Sometimes great adversity can present the opportunity to implement great solutions, and so the Tashkent metro, the city’s most important transport artery, was born out of the destruction caused by the earthquake that levelled much of the Old City in April 1966. Planners, architects and workers came from across the USSR to build a new model Soviet city, installing sewerage systems, wide boulevards and parks and, as a centrepiece, a metro system whose design and architectural beauty drew considerable inspiration from the jewel-like Moscow metro.
The Tashkent metro, opened in 1977, has 29 stations on three lines (Uzbekiston, Chilonzor and Yunusobod), covering 36km in total. As the city sprawls out ever further (building wider, not higher, is a logical plan for a conurbation in a seismically active area), so will the metro. Extensions to the first two lines opened in stages in 1991, and the first 6km phase of the third line (Yunusobod) opened in 2001. More extensions, due in 2020, will, in theory, see the Yunusobod line continuing 3km north, a fourth line (Sergeli) (7km, above ground) heading south from Olmazor (the current terminal of the Chilonzor line), and the first stage of a new ring line running south from Do’stlik to Kuyluk Bazaar (for transport to the Fergana Valley).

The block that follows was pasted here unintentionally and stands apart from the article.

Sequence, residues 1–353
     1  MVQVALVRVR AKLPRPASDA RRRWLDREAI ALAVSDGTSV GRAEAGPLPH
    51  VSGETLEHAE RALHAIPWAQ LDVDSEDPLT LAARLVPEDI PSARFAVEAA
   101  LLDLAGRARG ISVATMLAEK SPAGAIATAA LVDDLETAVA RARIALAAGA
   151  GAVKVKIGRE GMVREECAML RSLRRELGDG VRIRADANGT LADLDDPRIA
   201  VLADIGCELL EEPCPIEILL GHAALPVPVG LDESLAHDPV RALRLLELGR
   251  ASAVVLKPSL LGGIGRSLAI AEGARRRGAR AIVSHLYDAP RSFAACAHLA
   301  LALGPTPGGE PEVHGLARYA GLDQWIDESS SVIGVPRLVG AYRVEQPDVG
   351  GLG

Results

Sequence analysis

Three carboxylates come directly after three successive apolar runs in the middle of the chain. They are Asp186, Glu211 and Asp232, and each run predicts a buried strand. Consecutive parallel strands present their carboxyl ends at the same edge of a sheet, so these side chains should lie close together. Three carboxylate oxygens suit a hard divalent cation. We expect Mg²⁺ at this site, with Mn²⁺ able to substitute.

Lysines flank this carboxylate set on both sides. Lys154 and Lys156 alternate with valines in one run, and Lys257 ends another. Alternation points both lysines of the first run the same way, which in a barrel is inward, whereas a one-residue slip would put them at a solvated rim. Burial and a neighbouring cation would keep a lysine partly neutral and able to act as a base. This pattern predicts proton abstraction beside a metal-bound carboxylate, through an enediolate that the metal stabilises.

The system is exceptionally clean, safe and runs reliably until late at night. A typical travel experience might begin with consulting the metro map (posted at the entrance to each metro station), a relatively courteous inquiry by a policeman to check your bag, the purchase of a small, translucent blue plastic token (US$0.14) and then descending into the station to join some of the 400,000 commuters who use the metro each day. Station signs are in both Cyrillic and Latin scripts, a boon to foreign travellers. On the train, the first word of the arrival announcement is the name of the station, and the last word of the departure announcement is the name of the next station.
What you first notice is the space: it’s not something normally associated with the economics of creating a subterranean complex. The platforms are wide and the ceilings are high. Each station is unique in its décor, which is generally themed on some aspect of Uzbek life or culture. For instance, in the Mustakillik Maydoni station, Ulug Beg, grandson of Timur and historical astronomer of note, is acknowledged with the star patterns in the marble floor of the platform. The beautiful mosaics of cotton found on the walls of Pakhtakor station acknowledge the impact this crop has had on life in Uzbekistan. And at Kosmonavtlar, where Valentina Tereshkova, the first woman in space, is immortalised, the ceramic wall panels fade from blue to black in imitation of Earth’s atmosphere. You are now able to photograph these beautiful stations.
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